One of the things I hate about the US is that it’s really hard to get the good vinyl from the UK without paying a hefty sum. If it weren’t so, I’d definitely have my house filled with the beautiful sounds of Kenny Anderson, aka King Creosote. Today, he’s releasing his newest collection of tunes, a three song EP titled To Deal With Things. On this particular tune, Anderson quietly enters the fold, letting his vocals brood and build, just before the drums slightly pick up the pace. For me, there’s not a more mesmerizing voice these days, especially when it’s accompanied by the dark undertones of the music present. Enjoy.[audio:http://austintownhall.com/wp-content/uploads/2012/08/Ankle-Shackles.mp3]
Download:King Creosote – Ankle Shackles [MP3]
Last year was a great year for the mysterious Kenny Anderson and his King Creosote project, especially if you followed our adoration over here at ATH. Everything he touched won me over, and he’s already back again with a new 12″ EP for Domino Records titled I Learned From the Gaels. We’ve got the lead track off the 4 song single, and it’s super upbeat, not to mention ridiculously catchy. These are the sort of songs that make it a joy to be a music fan and find stuff like this in your inbox. You can get your hands on this on May 28th, and I suggest you do, as KC stuff is definitely hard to find![audio:http://austintownhall.com/wp-content/uploads/2012/04/1-01-Doubles-Underneath.mp3]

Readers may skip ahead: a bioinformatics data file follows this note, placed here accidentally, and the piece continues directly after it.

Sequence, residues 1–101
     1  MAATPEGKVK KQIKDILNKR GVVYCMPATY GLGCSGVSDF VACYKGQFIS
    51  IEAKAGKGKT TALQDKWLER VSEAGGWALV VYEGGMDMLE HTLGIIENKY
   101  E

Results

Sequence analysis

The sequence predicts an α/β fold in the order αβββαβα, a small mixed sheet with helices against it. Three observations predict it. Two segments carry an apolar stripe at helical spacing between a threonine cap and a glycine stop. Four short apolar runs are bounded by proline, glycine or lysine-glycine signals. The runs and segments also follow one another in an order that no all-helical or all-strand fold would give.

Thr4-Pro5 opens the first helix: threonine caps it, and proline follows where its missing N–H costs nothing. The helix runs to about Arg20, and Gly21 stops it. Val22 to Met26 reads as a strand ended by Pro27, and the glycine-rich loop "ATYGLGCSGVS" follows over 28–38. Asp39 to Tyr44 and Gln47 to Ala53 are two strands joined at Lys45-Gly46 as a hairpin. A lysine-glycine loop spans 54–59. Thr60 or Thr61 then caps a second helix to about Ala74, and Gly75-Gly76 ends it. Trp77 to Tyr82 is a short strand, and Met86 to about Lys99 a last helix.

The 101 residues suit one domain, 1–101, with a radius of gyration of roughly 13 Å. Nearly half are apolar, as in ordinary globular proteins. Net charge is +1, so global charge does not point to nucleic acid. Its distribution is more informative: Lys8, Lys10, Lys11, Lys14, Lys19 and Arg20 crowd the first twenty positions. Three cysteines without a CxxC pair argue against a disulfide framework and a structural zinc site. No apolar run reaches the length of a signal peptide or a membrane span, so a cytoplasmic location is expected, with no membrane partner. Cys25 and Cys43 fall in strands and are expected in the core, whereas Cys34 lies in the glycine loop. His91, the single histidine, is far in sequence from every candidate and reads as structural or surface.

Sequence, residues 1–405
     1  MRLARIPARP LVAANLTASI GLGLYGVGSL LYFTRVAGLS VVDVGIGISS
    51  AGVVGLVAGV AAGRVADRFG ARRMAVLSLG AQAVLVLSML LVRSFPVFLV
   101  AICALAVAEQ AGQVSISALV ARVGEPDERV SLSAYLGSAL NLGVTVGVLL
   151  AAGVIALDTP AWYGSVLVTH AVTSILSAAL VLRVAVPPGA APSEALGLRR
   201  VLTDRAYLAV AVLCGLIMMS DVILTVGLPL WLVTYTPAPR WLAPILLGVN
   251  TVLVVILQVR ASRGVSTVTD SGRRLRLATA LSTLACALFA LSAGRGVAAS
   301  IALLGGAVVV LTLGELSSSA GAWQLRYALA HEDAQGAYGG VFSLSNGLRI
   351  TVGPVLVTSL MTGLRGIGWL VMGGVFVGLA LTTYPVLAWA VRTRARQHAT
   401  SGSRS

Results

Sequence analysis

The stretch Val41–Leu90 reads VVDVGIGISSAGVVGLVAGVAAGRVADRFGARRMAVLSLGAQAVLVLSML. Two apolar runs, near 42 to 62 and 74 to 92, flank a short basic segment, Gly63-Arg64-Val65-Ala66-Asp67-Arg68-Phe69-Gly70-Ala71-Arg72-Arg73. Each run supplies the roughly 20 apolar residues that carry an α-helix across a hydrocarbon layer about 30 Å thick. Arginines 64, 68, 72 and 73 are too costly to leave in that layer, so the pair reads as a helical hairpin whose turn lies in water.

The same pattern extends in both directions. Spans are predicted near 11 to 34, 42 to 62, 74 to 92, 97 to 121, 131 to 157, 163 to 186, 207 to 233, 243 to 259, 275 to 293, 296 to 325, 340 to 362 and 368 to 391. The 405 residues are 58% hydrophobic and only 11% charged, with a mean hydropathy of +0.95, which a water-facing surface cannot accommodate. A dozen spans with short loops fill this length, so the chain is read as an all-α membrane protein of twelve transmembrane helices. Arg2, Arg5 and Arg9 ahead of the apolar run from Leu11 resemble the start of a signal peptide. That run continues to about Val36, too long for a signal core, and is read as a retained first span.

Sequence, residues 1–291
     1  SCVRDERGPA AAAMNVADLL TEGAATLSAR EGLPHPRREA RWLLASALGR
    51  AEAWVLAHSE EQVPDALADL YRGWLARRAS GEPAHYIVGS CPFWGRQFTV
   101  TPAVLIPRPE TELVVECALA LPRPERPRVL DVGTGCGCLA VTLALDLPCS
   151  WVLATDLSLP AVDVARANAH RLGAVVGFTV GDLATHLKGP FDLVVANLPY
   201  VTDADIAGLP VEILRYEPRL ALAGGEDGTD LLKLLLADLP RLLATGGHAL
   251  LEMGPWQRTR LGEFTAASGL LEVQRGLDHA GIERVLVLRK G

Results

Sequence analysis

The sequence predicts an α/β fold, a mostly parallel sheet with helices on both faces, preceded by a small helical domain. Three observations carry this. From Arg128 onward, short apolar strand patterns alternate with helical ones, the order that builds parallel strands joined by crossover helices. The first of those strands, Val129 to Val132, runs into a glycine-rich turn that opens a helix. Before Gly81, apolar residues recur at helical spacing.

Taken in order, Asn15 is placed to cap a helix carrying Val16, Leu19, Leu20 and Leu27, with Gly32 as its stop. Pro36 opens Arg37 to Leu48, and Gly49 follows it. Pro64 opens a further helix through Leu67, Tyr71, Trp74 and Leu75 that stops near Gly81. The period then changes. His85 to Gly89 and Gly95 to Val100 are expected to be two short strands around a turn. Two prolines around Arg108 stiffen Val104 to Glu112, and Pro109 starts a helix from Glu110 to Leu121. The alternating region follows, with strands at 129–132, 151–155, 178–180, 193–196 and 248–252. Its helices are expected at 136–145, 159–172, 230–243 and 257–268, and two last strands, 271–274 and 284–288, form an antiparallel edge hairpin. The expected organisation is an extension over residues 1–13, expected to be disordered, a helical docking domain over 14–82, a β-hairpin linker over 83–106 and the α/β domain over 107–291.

Download:King Creosote – Doubles Underneath [MP3]
Let’s face it, every site is doing it, and perhaps we’re a little late on the run in, but technically, we just got to the midway point of the year, so I was holding off until the exact date–I don’t want to get ahead of myself. So, in all honesty, this is going to be sort of a list of my 2011 albums of the year up to now, but I reserve the right to drastically change my opinion on any, if not all, of these choices. Come on, it’s just now July, so I’ve still got six months to hammer things out in a fully functional list. Please remember, this is one man’s opinion, not the site as a whole, nor do we disagree with your opinions, unless you like that new Beyonce.